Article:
Fortunately, Donner has an assembly video, which you can watch here to see the process.

Sound of the Kit Out of the Box

I won’t lie. I expected this drum set to sound like total trash once it was together. However, I’ve played on enough beginner drum sets to be cynical about the sound.

The Donner kit ships with drum heads that are very similar to Remo Pinstripes. They’re much thicker than standard heads, typically reduce overtones, and sound much warmer.

And I was blown away. The kit sounded incredible, and I didn’t even need to use moon gels (hear it on my latest Instagram reels)Well, except for on the snare drum. The heads included on that drum aren’t the greatest, so switch them out! 

Donner DDS-520 Kit from behind

Replace the snare wires while you’re at it, too—they were loose on my drum. I haven’t switched out the heads yet, but I managed to get a decent-sounding snare with two moongels and some tuning.

I put a blanket inside for the kick drum and muffled the resonant head with some gaffer tape and a paper towel—it sounds enormous.

Using the Practice Mutes

The kit is far quieter when using the practice mutes. I was pleasantly shocked. This drum set may still be too loud for apartment drummers.

The practice pads feel bouncy when playing, and since they’re only in the center of the drums, you have to be accurate to hit them (something new drummers usually struggle with). This downfall isn’t all bad, though—it forces you to play with good technique and hit the proper playing zones of the drums.

The kick practice pad feels like playing against a hard wall, but it does cut the volume significantly. I haven’t tried it yet, but getting a rubber bass drum beater when practicing with these drums might be worth it.

Who Should Pick Up the Donner DDS-520?

Donner DDS-520

This kit might be perfect for you if you’re a new drummer or the parent of a young child, around nine or ten—especially if you live in a house with thin walls. 

For apartment dwellers, your mileage will vary. In most shared living spaces, acoustic drums of any kind are no go unless you have extremely chill neighbors. Instead, you’re better off getting an electronic drum set, and even those sometimes can cause too much noise.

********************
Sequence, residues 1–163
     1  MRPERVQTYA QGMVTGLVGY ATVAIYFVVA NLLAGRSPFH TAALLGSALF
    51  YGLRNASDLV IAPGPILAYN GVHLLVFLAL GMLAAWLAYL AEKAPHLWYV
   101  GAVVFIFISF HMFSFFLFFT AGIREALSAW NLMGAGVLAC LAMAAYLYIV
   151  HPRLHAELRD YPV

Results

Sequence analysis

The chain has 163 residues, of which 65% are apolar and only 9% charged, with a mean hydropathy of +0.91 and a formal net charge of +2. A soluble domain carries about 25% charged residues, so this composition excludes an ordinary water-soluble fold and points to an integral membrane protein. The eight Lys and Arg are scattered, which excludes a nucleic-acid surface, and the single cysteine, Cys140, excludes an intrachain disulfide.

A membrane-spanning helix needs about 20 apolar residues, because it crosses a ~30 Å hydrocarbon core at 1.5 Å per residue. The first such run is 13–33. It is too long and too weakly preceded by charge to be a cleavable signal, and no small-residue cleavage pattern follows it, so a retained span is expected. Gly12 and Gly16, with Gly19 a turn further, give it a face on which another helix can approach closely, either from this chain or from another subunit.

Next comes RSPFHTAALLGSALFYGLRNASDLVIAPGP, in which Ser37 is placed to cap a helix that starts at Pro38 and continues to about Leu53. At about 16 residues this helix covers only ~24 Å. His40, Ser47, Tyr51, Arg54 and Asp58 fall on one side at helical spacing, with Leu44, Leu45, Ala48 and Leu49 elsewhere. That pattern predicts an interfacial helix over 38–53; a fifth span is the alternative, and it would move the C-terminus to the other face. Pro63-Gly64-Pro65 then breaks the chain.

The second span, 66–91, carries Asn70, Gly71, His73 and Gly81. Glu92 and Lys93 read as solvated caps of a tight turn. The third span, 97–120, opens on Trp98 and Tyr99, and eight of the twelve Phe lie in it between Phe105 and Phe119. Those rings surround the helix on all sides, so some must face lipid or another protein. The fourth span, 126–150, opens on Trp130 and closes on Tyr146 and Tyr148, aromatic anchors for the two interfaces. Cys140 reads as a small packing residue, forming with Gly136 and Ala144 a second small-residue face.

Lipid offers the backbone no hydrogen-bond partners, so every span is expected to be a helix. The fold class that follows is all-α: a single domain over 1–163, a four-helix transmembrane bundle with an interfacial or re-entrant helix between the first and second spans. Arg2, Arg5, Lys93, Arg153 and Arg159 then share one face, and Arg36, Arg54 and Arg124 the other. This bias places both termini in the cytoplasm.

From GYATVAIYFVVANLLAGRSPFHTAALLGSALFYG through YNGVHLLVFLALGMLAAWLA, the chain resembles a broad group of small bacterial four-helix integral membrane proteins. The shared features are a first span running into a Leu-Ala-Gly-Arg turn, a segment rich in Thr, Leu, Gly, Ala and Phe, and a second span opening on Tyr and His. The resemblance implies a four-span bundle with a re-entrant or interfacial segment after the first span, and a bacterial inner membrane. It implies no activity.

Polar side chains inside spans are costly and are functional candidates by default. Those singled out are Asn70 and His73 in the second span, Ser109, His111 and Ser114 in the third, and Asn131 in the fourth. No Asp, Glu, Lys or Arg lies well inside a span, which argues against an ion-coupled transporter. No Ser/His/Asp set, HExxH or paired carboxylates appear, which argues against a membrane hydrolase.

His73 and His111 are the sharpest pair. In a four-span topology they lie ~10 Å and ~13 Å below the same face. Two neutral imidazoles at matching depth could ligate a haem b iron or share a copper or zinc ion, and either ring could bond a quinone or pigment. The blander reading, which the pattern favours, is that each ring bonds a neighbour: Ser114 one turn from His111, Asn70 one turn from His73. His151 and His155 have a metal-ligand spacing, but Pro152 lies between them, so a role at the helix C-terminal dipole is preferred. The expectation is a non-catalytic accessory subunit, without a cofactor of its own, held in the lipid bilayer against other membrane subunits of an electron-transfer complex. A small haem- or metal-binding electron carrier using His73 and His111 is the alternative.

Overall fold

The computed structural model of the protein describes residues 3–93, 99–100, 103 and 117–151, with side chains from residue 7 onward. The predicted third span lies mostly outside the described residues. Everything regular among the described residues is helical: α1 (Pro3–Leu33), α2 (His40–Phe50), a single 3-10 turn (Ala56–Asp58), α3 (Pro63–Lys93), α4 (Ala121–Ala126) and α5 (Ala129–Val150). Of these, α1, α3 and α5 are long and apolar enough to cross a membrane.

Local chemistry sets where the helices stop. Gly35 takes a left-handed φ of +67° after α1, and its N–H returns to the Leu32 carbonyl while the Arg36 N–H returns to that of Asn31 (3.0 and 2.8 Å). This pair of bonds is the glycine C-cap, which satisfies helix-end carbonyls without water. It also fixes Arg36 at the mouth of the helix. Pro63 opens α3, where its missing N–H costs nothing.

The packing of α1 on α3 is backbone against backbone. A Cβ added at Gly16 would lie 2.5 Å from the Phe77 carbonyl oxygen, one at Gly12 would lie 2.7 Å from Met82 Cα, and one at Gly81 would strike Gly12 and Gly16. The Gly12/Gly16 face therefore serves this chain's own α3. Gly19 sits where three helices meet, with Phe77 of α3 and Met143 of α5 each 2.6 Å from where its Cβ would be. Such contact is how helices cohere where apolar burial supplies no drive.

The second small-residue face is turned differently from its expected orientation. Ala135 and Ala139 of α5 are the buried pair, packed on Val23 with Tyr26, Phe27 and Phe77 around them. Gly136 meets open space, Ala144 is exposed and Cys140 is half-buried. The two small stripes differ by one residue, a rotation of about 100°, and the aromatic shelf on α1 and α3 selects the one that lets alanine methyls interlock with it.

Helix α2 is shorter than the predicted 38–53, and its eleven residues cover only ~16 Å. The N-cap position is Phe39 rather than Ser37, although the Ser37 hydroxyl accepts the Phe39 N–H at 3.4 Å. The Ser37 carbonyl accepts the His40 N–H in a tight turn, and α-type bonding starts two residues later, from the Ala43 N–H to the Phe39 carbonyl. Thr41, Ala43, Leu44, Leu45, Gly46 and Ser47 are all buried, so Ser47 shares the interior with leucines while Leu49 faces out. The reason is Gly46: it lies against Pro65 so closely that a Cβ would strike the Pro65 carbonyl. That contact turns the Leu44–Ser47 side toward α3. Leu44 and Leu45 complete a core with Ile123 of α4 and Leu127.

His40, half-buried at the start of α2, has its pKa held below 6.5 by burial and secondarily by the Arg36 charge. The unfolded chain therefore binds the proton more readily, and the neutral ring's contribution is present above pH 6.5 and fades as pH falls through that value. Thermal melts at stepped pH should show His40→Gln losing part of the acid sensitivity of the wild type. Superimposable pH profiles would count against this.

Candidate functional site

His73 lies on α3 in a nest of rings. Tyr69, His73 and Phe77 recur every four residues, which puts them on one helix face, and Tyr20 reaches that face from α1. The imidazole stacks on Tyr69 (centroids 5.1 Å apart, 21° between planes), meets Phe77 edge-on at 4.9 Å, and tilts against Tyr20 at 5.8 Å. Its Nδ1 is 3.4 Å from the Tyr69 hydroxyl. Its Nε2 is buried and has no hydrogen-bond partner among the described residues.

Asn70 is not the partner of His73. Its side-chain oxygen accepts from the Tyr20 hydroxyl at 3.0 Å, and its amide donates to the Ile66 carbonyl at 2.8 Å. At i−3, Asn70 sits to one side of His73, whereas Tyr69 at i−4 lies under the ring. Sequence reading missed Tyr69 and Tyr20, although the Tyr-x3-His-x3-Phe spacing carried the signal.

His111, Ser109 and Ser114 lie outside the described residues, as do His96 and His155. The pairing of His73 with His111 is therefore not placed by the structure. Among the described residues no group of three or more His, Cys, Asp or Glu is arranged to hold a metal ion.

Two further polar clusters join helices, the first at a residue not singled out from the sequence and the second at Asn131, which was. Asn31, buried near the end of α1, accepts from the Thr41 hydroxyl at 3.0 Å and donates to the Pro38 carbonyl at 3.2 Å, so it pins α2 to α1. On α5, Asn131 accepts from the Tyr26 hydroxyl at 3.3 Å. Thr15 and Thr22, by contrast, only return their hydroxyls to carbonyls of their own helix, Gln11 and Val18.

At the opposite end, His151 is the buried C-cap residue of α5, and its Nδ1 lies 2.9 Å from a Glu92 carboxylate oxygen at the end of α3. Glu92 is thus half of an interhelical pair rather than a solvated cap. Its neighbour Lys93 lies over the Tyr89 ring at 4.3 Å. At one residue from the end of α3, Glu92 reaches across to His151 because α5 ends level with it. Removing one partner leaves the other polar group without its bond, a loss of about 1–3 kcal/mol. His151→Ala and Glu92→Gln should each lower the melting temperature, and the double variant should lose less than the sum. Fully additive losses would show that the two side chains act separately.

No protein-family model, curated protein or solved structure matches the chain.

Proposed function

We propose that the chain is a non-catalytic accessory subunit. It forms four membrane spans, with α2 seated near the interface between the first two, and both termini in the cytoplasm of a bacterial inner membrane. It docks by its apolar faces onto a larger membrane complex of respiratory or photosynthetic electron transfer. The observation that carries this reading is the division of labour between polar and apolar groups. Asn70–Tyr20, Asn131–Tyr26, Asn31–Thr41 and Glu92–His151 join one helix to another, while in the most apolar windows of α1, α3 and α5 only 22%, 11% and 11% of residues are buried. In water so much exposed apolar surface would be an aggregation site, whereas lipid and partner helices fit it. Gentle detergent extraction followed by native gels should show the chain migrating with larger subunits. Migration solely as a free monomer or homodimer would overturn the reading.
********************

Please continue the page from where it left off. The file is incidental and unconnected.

This drum set is most likely still too loud for an apartment, even with the mutes enabled.

Drummers interesting in trying the drums for the first time who can make noise may be able to get away with a cheaper drum set, like from the company Gammon, but the quality will be far lower.

You also could spend the extra $10 to get to the next level up, the Pearl Roadshow, but considering what comes with the DDS-520, I don’t think that’s even worth your money.

Donner has a compelling offer here. The kit impressed me for the money. And despite me getting the drum set for free in exchange for this review, I was genuinely blown away. 

But don’t take just my word for it. Like I said earlier, rdavidr also reviewed this drum set, so watch that video too!

Thank you all for reading. Have you had any experience with Donner before? I’d love to hear your thoughts down below in the comments.

Nick Cesarz

Nick is a drummer, percussionist, and blogger from Milwaukee, WI. He toured extensively with Vinyl Theatre, opening up for acts like twenty one pilots, Panic! at the Disco, and more. Now no longer touring, his passion lies in gear and playing the kit as much as time allows.

Related Articles

Leave a Reply

Your email address will not be published. Required fields are marked *